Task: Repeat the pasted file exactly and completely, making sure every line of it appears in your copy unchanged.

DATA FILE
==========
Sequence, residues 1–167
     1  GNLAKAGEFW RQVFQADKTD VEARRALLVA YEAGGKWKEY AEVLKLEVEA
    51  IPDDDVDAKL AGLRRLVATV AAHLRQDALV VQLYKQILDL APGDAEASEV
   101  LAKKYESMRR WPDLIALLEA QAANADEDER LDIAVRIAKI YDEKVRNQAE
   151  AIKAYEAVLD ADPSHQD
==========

Sequence, residues 1–167
     1  GNLAKAGEFW RQVFQADKTD VEARRALLVA YEAGGKWKEY AEVLKLEVEA
    51  IPDDDVDAKL AGLRRLVATV AAHLRQDALV VQLYKQILDL APGDAEASEV
   101  LAKKYESMRR WPDLIALLEA QAANADEDER LDIAVRIAKI YDEKVRNQAE
   151  AIKAYEAVLD ADPSHQD